From foster care to resilience: saving lives by changing the foster care model
Naketa Ross, ResilientMe
"Forty percent of youth who have been in foster care will experience homelessness within 18 months of leaving care."
- Naketa Ross, KER fellow 2020
Through no fault of their own, a vast majority of children aging out of the foster care system do so without being properly prepared for the challenges ahead of them. They are forced to face the harsh realities of adult life without resilience training, a support system, or a safety net in place. As a result, this group has higher rates of homelessness and incarceration than their peers.
How do we decrease the rate of homelessness and incarceration in young adults who have experienced foster care?
Methods and findings
During her fellowship, Ross sought to strengthen resilience in the foster care system. She began with wanting to extend the foster care age from 21 to 25 but quickly learned that was not a realistic plan. Why did this plan sound so challenging? Besides having a tight budget, Arizona's current system lacks a robust data-set once youth age out of the system. Therefore, Ross focused on the root of this challenge and collected data from several sources, including the Governor’s semi-annual report.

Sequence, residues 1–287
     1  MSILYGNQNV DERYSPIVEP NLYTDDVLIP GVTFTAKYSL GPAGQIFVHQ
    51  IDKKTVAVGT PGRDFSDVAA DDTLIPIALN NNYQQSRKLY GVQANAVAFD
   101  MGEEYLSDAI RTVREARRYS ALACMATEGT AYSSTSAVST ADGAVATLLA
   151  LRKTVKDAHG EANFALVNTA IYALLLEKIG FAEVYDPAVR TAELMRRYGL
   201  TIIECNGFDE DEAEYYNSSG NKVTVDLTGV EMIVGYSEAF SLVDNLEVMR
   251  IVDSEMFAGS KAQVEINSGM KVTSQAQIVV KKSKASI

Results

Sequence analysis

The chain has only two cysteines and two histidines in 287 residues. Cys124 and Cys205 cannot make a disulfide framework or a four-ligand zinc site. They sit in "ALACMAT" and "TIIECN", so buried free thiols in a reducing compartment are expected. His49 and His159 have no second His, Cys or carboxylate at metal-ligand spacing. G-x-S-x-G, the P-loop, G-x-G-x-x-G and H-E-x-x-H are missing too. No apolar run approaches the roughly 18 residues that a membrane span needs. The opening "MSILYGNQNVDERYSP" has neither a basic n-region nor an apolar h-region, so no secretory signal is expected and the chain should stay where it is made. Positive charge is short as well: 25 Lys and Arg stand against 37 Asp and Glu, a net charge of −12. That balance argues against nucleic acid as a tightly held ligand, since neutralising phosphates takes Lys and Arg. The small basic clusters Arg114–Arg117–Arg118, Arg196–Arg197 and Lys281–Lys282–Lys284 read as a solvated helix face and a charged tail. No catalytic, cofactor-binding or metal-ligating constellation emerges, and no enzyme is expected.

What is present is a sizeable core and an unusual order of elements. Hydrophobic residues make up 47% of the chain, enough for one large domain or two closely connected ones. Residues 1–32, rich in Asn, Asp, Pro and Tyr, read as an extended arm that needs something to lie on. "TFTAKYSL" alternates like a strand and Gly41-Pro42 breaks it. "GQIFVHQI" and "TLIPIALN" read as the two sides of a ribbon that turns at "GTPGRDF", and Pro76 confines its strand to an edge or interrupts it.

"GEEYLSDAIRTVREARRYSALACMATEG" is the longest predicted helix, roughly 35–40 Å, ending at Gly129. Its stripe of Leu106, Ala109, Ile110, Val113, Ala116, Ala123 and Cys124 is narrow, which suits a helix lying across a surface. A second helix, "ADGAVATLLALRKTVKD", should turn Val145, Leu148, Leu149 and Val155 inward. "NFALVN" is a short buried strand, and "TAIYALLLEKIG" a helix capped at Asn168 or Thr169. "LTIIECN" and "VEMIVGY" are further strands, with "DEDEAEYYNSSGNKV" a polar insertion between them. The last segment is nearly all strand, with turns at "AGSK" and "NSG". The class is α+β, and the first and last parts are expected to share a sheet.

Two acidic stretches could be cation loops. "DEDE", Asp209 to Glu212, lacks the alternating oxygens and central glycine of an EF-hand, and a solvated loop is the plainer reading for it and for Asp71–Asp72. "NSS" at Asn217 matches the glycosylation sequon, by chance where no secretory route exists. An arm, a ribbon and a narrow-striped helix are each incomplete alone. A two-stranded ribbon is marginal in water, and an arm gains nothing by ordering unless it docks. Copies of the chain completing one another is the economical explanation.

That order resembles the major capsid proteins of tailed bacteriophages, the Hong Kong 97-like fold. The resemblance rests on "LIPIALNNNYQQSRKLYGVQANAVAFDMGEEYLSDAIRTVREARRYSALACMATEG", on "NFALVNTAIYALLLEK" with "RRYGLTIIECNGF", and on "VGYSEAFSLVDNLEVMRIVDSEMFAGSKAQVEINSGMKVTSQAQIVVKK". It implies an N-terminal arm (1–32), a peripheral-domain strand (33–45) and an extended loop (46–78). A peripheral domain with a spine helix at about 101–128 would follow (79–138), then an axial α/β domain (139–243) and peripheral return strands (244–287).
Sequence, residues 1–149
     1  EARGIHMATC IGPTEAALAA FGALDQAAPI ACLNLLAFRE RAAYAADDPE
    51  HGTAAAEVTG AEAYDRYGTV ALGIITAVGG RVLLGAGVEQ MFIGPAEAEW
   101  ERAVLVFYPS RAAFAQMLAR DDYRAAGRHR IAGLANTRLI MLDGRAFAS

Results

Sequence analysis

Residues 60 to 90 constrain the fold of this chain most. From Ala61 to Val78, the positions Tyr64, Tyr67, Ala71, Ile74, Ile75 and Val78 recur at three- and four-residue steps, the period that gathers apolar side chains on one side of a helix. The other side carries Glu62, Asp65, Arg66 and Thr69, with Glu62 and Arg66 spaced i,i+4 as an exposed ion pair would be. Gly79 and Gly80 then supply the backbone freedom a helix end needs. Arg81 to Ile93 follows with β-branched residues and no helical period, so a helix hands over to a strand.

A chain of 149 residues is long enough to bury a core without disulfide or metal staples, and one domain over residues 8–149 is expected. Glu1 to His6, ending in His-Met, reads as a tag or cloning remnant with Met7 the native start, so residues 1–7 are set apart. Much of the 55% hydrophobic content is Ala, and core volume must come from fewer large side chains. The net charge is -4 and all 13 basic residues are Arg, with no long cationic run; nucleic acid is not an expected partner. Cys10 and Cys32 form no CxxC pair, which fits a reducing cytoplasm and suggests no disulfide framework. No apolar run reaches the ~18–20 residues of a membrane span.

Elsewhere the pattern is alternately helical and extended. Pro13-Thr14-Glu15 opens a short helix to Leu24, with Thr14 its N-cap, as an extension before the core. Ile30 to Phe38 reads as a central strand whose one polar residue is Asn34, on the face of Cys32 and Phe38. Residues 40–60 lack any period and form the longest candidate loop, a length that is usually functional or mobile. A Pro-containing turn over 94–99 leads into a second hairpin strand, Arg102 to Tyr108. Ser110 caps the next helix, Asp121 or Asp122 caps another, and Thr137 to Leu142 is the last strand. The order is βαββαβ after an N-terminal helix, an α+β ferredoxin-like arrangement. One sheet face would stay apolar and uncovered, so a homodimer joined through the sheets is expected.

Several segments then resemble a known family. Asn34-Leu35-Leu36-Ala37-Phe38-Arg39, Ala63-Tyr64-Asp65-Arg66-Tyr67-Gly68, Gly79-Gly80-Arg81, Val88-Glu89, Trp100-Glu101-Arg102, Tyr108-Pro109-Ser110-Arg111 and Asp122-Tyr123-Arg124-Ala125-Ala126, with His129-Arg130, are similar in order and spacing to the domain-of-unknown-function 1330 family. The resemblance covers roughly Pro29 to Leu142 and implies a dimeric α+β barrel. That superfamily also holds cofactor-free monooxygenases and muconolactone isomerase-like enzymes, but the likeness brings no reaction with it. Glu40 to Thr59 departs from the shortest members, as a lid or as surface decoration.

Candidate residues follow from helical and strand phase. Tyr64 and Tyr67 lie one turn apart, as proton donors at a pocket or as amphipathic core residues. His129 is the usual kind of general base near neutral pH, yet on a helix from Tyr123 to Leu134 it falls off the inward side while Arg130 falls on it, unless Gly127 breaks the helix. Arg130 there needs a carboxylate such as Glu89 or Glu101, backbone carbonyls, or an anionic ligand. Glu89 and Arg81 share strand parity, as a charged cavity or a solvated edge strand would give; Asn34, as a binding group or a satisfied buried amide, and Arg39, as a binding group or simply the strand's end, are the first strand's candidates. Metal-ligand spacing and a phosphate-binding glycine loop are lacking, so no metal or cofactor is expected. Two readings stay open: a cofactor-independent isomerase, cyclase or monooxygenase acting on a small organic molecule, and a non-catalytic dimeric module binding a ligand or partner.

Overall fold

She found that there is limited data collection on the existing foster care model and youth in Arizona, especially related to trauma and homelessness rates. This is the same problem for incarceration rates as well. Ross also found that states across the nation follow the same foster care system model despite evidence of ineffectiveness. No states currently utilize the opt-out model; Arizona could be the first state to make a more significant impact on these youth's lives. Extending the safety net of housing and financial resources for youth decreases the immediate stress of life right after high school. No states have mandated trauma or resilience training despite evidence that this is vital for children's success. Providing youth with resilience skills such as ResilientMe increases their coping skills vital for successful adult life.
Youth in foster care
Ending youth homelessness workgroup
Jewish Family Center Services staff
Group home staff
By providing data to Arizona State legislators, Ross hopes to encourage a change in the current foster care model. This would provide youth with support for a longer period of time and a stronger launching pad into adult life, improving the lives of hundreds of young adults in the state of Arizona.
Ross has secured meetings with politicians to share the findings of the research and develop a bill. She has disseminated the findings of the project on social media and will be uploading YouTube videos around the concept of resilience and foster care. As a result of the project, Ross was featured in an an Arizona Republic article, and she did an Op-ed piece in the Arizona Republic.
Founder & Executive Director
Community Fellow, 2020
Naketa Ross is the Founder and Executive Director of ResilientMe. ResilientMe is Arizona's only trauma-informed resilience organization, offering transformative programming for youth in foster care to overcome trauma and become triumphant adults. Their unique curriculum uses scientifically sound methods to help youth build self-worth and self-esteem, paving the way for a successful transition into adult life.